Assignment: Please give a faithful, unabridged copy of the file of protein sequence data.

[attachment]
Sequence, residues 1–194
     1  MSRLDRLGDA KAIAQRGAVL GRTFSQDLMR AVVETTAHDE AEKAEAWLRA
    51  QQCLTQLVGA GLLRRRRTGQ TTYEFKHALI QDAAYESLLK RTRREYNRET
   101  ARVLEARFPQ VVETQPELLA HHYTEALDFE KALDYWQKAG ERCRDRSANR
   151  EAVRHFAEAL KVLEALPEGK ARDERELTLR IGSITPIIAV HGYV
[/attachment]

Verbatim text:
Sequence, residues 1–194
     1  MSRLDRLGDA KAIAQRGAVL GRTFSQDLMR AVVETTAHDE AEKAEAWLRA
    51  QQCLTQLVGA GLLRRRRTGQ TTYEFKHALI QDAAYESLLK RTRREYNRET
   101  ARVLEARFPQ VVETQPELLA HHYTEALDFE KALDYWQKAG ERCRDRSANR
   151  EAVRHFAEAL KVLEALPEGK ARDERELTLR IGSITPIIAV HGYV